By allowing ads to appear on this site, you support the local businesses who, in turn, support great journalism.
Your Letters
ConnectSavannah Import Default Image

Appreciates American Apparel ads


As a 21-year-old female, I am the target audience for the American Apparel ads. To me, they work.

I look for the ads each week to see what new styles are out, and I appreciate how they are promoted by real women, not professional models.

Anyone who is complaining should remember this: Connect Savannah is a free paper because of the businesses that buy advertisement space. If y’all want it to remain free, which I’m sure you do, you have to accept that there may be ads you do not approve of.

These ads are what keeps the paper available to us, and we should appreciate that.

 Kathryn Bell

Gun control won’t stop shootings


Regarding Gordon Livingston’s “Lessons unlearned,” I couldn’t disagree more with Mr. Livingston on certain points.

Hindsight is 20/20 – of course people are going to believe that we could’ve absolutely, positively, prevented the Virginia Tech incident from happening (because everything is so clear, after the fact) – even despite the fact that the Virginia Tech incident was absolutely random. 

If guns were outright banned here in the United States, Cho Seung-hui would’ve figured out a way to do the same exact thing (hell, you can find whatever weapon you want on the street.)  Of course, there could’ve been preventative measures taken to help this psychologically disturbed person – but people generally don’t care about anyone but themselves until the shit (pardon my French) hits the fan.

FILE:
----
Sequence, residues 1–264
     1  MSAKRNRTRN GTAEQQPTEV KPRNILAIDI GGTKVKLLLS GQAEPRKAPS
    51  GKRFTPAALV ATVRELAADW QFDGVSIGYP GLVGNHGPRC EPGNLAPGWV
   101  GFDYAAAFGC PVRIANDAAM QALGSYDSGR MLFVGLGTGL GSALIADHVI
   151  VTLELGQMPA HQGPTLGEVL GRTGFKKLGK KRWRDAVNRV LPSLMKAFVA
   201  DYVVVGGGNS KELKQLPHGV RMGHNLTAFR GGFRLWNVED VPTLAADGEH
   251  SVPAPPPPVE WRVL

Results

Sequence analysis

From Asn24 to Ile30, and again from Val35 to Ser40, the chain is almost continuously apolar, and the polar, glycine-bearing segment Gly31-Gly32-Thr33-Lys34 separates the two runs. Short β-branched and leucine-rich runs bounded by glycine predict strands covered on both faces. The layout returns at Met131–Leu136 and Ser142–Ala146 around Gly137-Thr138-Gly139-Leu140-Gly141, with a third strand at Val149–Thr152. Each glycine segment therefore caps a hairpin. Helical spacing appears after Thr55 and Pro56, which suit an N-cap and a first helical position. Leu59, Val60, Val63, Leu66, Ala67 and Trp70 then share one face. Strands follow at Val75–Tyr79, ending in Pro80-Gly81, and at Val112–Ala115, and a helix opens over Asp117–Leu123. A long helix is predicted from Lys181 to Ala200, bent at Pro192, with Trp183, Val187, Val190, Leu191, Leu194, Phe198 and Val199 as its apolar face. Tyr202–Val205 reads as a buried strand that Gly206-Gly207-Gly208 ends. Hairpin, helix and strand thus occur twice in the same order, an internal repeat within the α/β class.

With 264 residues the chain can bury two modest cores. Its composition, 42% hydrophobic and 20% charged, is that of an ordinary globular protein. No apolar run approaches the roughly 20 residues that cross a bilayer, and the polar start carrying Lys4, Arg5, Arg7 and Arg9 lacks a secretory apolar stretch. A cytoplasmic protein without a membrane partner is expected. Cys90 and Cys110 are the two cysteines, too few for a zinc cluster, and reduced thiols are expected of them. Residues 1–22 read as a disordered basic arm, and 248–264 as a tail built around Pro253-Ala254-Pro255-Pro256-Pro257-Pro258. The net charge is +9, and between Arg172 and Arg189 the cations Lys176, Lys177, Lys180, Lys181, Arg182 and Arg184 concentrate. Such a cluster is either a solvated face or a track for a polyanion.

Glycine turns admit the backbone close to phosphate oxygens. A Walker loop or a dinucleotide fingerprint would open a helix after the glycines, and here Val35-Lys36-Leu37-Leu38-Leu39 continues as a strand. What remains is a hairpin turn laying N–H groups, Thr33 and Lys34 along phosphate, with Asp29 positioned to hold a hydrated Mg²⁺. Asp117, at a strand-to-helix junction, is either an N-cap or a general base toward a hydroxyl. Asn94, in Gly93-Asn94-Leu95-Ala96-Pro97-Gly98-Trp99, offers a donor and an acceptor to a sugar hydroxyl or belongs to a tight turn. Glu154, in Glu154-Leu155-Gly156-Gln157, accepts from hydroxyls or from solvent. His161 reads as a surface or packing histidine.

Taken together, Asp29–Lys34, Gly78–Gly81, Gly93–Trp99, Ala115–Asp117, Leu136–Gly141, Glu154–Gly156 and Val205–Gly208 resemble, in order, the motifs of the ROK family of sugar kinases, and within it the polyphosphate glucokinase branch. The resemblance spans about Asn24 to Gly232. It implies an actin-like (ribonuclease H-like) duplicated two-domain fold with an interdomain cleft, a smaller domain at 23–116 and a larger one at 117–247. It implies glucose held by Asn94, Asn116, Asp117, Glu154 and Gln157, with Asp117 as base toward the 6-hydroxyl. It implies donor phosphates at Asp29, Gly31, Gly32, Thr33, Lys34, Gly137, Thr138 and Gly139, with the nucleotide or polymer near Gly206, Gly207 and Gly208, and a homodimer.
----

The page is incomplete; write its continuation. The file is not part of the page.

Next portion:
I don’t agree that we should enforce tighter gun laws; I do, however, believe the background check for purchasing a firearm should be a lot more rigorous. Cho Seung-hui’s recent mental health issues should have been raising huge red flags all over the background check.  I guess it just wasn’t put into his record.  Convenient, eh?

It seems that Mr. Livingston looked over the fact that violent crime with firearms have increased in certain countries who have recently adopted absolute firearms bans (Britain, Canada, etc.)  His point with Australia’s effectiveness of their recent tightening of gun laws could be easily debated with statistical information – when will the crime rate in Australia start to rise again? 

And seriously – what AVERAGE (Cho is most certainly not the average criminal) criminal goes and buys a gun legally to commit murder?  Not many, the statistics suggest. 

Let’s forget about the banning of firearms – it just wouldn’t be effective, and that’s just the clear-cut truth.  In order for a weapon ban to be successful, you have to remove every single weapon in the United States, and that’s just not feasibly possible.

Mr. Livingston does make a good point about law enforcement officers, however.  They are only responders (and not even that great at responding to incidents), and not necessarily deterrents to crime.  Criminal psychopaths, like Cho Seung-hui, would’ve carried out his plan, even if law enforcement officers were dotted all over the campus.  The outcome would be 50/50.